Wednesday, February 6, 2008
The original intention (yesterday) of this post was to write something light-hearted that I was going to call "I Crack Myself Up." So I want to start with this.
The other day, I said something funny to my 23 year old daughter. After saying it, I laughed so hard that I felt lightheaded, like I was going to faint. In the playfully disdainful way that she has, my daughter looked at me and said, "You crack yourself up, don't you, Mom?" And I realized, that yes, I do crack myself up. I love to laugh at my own jokes (why would I say them if I didn't think they were hilarious??). But this self-appreciation goes even farther. I love to look at my photographs. I love to read my own writing. I love to pick up my handmade cards and admire them. Really, it gives me a seratonin lift, I believe, to like what I create. And I like to share all of this with other people, giving my cards to people, framing photographs as gifts, having people read my writing and laugh at my jokes.
But there is a dark side to this, and here's where I took a little detour from the original intention of this post. I don't like it when something I create turns out to be less than perfect.
Last night was critique night for me in my short story class. I was paired with two incredible writers--one I knew was great and one I figured out was great after reading her story. I went first.
I have had this image in my head of how a person looks during the critique process. First the good things about the story (person smiling, turning red with pleasure, puffing up). Then the suggestions for improvement (person getting serious look on his or her face, turning red with embarrassment, deflating). After the class, on my way home and later, I began to have serious doubts about my ability to write. There was a lot of work to be done on this story, and I felt overwhelmed at the task. I even thought, "Well, I'm just going to scrap that story and do another one." But that ain't how it works in this class. The point is to write a shitty first draft (mission accomplished) and then rework it into something readable.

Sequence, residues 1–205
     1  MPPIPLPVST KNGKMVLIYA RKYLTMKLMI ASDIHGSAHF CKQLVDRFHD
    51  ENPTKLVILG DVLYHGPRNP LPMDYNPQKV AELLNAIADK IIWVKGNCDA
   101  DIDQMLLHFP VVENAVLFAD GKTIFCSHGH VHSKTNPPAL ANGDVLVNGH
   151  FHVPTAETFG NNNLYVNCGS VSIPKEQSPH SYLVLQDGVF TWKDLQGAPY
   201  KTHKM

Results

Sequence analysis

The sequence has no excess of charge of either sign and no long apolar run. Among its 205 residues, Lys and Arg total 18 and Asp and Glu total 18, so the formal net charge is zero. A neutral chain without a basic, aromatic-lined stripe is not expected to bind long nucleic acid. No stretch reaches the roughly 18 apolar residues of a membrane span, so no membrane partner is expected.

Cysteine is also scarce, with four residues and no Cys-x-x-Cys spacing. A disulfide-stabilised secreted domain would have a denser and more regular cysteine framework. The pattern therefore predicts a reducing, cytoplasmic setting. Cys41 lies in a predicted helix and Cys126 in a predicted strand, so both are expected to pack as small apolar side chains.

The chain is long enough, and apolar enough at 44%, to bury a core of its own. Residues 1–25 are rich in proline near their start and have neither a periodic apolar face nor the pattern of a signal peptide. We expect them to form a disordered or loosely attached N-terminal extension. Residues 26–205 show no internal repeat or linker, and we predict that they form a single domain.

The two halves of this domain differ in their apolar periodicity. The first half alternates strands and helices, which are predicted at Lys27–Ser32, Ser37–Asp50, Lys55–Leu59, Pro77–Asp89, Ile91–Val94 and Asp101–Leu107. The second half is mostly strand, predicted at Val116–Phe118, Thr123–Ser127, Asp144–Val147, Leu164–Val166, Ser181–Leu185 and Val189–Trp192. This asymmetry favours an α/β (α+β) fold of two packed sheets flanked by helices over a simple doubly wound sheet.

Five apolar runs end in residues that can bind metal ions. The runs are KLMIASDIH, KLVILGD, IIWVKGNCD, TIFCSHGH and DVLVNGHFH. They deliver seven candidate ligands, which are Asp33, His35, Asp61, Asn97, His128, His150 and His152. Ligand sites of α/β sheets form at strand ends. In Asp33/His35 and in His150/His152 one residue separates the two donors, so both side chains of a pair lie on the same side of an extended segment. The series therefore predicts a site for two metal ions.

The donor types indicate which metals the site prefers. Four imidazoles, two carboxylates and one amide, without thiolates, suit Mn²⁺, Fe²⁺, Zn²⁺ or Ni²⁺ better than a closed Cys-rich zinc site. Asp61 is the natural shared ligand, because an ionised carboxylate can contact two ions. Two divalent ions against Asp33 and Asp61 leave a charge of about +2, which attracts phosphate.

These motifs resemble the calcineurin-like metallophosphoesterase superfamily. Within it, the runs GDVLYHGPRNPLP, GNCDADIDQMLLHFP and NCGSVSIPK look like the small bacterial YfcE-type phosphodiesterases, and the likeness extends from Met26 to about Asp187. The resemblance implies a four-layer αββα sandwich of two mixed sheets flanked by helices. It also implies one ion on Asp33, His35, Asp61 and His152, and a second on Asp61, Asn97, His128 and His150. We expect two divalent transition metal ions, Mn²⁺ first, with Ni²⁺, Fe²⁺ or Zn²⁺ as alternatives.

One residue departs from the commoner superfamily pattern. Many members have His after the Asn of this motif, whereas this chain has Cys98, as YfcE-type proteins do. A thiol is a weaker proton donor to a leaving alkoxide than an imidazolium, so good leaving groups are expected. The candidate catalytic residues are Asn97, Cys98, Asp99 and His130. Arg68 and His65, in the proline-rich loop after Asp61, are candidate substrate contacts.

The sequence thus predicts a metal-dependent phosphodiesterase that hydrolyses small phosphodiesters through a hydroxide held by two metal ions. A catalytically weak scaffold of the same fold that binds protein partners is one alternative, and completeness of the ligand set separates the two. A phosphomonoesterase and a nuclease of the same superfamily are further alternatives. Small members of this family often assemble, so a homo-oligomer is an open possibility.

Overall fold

This morning, when I got up to do yoga and free-write, I began writing about my feelings surrounding all of this. And then, the amazing thing that has happened since I decided to learn to write: I had a revelation. I realized that I was experiencing the same thing that the character in my short story was experiencing: DOUBT. Whoa. Soooo...the timer went off to signal the end of the free-write period and I went to the next clean, blank page. At the top of the page I wrote, DOUBT-THINK ABOUT IT. And that's where I'm going to start my free-write tomorrow morning.
Now I have to go back to cracking myself up. I'm going to need all the laughs and self-admiration I can muster up to get me through this process of learning to write!